An Aussie icon sadly met its demise last week, but a previous commitment by Holden to share repair and service information will ensure Holden owners can enjoy their pride and joy for many years to come.
The Australian Automotive Aftermarket Association (AAAA) was sad to hear that Holden would be retired as an Australian brand. The implications for more than 600 employees of the iconic brand plus the large network of dealerships and aftermarket suppliers involved with product and service support can’t be underestimated.
“Holden is about as ‘Aussie’ as it gets and holds a special place in the hearts of many who own or have owned a Holden. It is a loss to the country and the automotive industry. There are over 1.6 million Holdens on our roads today and many of these owners will be concerned about the availability of ongoing parts and servicing,” said Stuart Charity, CEO of the AAAA.
But despite this loss to the industry, Holden vehicle owners can continue to have their vehicles professionally serviced and repaired, thanks to a previous landmark decision by Holden that has now taken on special significance.
In 2014, the industry body representing the car producers and distributors in Australia signed a voluntary agreement to make dealer level service and repair information available to independent repairers on fair and reasonable terms. There are 68 car brands in the Australian market, but only one car maker complied with this agreement: Holden.
Holden was the only manufacturer that honoured the voluntary agreement by opening up access to repair and service data to independent repairers. As a result, workshops that have a paid subscription can access Holden service and repair information using the Australian Vehicle Identification Number (VIN) and a credit card. This includes full parts lists, fault codes, diagnostic codes, re-flashing, and software updates. Holden stood alone in their decision to open data access with most car importers continuing to geo-block Australian workshops from accessing vehicle related data and service information.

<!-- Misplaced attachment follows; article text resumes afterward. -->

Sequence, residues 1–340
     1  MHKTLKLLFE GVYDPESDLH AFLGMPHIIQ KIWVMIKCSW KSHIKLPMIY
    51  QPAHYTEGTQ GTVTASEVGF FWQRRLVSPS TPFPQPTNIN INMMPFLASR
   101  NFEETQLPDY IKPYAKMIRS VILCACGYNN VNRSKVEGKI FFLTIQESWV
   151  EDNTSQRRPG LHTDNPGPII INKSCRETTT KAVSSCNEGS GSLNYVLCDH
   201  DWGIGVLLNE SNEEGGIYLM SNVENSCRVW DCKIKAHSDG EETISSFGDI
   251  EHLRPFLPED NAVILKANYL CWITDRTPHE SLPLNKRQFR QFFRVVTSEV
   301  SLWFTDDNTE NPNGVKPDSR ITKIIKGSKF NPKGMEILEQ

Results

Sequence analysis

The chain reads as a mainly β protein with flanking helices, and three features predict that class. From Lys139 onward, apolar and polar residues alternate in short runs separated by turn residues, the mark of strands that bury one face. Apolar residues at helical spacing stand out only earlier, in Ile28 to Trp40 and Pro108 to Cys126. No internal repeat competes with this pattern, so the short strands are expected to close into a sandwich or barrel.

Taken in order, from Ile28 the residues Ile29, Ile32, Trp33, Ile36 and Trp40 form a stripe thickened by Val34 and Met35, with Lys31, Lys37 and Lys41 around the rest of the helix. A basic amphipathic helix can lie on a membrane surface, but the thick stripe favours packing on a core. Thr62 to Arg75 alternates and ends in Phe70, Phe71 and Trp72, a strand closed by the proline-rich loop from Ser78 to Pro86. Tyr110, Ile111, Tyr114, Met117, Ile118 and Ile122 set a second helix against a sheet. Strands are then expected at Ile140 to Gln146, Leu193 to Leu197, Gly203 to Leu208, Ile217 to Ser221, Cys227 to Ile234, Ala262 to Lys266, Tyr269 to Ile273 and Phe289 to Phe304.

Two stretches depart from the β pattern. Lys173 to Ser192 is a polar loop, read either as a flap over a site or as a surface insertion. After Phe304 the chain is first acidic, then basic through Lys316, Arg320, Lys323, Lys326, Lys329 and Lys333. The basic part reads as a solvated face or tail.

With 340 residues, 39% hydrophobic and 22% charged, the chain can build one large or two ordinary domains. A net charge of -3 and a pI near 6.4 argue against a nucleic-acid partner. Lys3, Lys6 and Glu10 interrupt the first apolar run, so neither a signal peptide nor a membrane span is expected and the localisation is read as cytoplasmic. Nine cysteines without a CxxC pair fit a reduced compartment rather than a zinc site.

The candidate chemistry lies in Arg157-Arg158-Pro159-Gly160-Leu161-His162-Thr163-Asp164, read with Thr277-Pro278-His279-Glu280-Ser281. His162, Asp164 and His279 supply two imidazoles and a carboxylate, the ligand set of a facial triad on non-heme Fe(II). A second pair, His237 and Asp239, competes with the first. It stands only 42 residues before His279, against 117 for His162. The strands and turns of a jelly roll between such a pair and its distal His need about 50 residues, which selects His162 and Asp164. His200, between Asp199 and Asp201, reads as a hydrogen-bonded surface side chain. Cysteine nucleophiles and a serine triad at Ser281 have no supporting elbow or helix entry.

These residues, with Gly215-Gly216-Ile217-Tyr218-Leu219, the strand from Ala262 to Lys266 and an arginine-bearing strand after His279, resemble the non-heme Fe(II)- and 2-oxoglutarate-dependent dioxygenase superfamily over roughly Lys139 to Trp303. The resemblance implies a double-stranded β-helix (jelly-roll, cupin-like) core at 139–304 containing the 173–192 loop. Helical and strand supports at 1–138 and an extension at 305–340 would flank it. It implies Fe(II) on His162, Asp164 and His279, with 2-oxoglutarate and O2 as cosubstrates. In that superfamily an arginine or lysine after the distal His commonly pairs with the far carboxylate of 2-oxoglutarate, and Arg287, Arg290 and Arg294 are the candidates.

Stuart Charity said “Holden’s willingness to share service and repair information to repairers outside their authorised dealer network was a tick of support for the Choice of Repairer campaign in Australia. It also assures Holden owners across the country, and particularly in regional and remote areas, that their local mechanic is able to service and repair Holden vehicles because they have access to the parts, expertise and data to do so”.
In October 2019 the Government announced a decision to introduce Primary Legislation for Mandatory Data Sharing for all car companies that supply vehicles into the Australian market. This new law will bring Australia into step with the USA and EU for right to repair in the automotive industry.
“The government’s commitment to primary legislation is a huge win for the industry and for consumers. We are grateful for the government’s unequivocal commitment to open competition and to Minister Michael Sukkar for his leadership on this important issue. The Holden decision proves just how important this new law will be to all Australian car owners” said Stuart Charity.
The industry is expecting this new Law to be introduced in 2020.
Lesley Yates, Director – Government Relations and Advocacy at the AAAA. 0402 005 476 or firstname.lastname@example.org